That we haven’t prepared very well is clear. We keep letting time slip by without using it to prepare well. We end up on our tush, too often. When you keep digging in a hole, it’s really hard to climb out.

Problems of assimilation

When I woke at 4.30 this morning, I was thrown by how dark it was. I’d not adjusted to the one hour time difference with Jamaica. I went back to sleep and got up again at 6.30 (my usual 5.30 wake up time). I didn’t hesitate to put on my swim trunks and tee-shirt and head out for a walk. I fancied walking south along the boardwalk to the area near the Lincoln Road shopping and party spots. Before I got out, I met four ‘people of the night’ who were just getting home, not quit doing the ‘walk of shame‘. One young lady was opening and closing her eyes as if they had sand in them. Everyone in the group spoke in a deep voice: the effect of talking over loud music  for hours, I suspected. I laughed to myself and headed on.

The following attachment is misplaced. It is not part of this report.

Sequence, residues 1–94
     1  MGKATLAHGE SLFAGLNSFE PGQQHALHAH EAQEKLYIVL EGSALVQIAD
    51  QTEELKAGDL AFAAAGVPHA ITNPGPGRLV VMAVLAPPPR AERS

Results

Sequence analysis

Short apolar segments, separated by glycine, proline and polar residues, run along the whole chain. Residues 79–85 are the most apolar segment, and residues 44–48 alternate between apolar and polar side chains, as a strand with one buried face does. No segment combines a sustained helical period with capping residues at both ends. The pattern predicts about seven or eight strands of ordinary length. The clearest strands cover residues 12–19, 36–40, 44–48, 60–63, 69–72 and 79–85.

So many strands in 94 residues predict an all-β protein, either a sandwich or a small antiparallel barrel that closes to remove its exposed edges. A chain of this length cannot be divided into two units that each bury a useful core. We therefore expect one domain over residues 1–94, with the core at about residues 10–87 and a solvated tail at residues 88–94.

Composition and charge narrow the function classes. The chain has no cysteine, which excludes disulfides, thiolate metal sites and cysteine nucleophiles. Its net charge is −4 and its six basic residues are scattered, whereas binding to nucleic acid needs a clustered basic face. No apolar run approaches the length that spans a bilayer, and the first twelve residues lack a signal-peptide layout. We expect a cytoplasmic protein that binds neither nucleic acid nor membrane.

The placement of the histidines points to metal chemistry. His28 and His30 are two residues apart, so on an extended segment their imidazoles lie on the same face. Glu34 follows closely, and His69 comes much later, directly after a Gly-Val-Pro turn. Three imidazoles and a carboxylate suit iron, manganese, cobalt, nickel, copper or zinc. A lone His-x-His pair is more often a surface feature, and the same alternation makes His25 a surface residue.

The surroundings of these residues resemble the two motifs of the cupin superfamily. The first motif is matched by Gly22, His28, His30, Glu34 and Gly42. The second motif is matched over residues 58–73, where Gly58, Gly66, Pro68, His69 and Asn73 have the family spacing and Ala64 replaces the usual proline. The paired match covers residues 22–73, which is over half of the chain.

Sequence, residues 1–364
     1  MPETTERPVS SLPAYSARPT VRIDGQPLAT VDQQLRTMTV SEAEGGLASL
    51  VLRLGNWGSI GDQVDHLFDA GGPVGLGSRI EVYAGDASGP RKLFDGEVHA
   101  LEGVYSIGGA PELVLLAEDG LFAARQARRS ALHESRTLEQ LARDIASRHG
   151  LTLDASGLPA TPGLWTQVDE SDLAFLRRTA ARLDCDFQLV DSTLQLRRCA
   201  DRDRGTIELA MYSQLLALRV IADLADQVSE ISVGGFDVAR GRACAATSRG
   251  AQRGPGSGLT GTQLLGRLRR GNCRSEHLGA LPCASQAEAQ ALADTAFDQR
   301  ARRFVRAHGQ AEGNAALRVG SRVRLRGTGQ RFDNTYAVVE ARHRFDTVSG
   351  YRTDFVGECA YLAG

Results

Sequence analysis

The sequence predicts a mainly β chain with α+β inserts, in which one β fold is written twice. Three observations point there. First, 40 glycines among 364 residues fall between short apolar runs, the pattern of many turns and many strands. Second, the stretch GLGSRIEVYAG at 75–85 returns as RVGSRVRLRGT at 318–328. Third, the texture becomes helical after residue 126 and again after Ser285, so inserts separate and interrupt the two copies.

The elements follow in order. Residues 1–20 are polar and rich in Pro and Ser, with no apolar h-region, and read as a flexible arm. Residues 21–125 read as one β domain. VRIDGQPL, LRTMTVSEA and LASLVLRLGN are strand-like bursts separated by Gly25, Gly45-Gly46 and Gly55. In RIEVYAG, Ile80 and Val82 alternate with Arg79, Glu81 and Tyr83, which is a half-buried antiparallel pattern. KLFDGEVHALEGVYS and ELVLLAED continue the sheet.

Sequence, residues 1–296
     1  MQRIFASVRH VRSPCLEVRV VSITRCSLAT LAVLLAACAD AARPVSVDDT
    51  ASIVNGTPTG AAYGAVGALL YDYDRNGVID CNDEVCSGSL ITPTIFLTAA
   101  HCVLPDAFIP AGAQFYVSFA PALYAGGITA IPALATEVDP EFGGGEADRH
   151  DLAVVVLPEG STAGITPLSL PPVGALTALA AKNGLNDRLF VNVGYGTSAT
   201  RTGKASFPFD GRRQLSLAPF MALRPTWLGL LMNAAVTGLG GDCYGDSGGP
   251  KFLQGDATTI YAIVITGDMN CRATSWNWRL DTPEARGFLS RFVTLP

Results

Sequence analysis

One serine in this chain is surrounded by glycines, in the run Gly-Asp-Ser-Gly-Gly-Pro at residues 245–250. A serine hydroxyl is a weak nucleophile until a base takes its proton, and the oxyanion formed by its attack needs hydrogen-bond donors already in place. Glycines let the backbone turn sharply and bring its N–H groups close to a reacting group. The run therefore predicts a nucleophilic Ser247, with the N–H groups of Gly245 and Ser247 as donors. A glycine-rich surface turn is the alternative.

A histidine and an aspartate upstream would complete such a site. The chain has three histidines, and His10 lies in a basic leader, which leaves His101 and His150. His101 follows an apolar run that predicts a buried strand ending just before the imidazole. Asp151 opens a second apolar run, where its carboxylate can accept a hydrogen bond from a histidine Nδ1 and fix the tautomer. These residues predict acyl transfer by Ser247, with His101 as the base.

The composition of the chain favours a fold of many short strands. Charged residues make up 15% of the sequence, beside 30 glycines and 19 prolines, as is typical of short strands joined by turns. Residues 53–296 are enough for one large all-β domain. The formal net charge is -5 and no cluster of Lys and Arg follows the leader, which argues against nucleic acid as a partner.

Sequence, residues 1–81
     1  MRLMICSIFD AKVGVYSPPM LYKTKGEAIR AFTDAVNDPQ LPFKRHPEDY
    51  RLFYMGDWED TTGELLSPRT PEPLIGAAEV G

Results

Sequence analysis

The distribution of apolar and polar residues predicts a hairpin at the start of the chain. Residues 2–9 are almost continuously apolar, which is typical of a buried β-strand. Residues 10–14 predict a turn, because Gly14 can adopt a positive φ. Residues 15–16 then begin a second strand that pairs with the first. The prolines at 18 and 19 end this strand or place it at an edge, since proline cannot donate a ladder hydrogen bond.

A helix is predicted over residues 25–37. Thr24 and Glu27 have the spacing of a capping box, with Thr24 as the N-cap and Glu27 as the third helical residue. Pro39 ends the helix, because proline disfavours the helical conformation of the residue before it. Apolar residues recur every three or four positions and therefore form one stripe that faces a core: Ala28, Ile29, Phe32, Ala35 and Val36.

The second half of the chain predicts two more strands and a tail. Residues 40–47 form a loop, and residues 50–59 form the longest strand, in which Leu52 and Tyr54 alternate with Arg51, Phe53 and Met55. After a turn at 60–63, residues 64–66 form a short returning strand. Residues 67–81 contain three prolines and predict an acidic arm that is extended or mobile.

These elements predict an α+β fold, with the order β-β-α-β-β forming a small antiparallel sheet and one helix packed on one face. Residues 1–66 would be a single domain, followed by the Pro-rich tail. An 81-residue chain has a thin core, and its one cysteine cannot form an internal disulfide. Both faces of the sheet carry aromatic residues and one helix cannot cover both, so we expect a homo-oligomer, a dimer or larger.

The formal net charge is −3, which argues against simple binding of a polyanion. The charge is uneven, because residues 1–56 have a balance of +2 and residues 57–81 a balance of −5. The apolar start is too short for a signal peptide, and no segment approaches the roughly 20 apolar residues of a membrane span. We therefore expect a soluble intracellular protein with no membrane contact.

I met two acquaintances; the lady soon left me and another man, as she ran ahead and we walked and talked. The man and I had only met a few times before and recently, but we got talking about my early retirement. He asked me for my advice about doing the same. I gave him my take, emphasising that he needed to feel confident in his decision and embracing the new opportunities that would be presented to him. He was planning to take over a business in Europe from his very aged parents, though he knew very little about the business. Interestingly, one of two major concerns was loss of ‘exposure’ and some ‘lifestyle’ changes that may occur as he fell into the world of ‘ordinary people’. Gone privileged access to people and places, etc. I understood. It was easy to envisage him as a very successful businessman in a few years. I told him that he’d get new exposure and may find new doors opening, or interesting or influential new people, in the most unexpected places and ways. If he found that the loss of ‘exposure’ was really bothering him, I suggested that he and his ego go and have a good long talk to each other.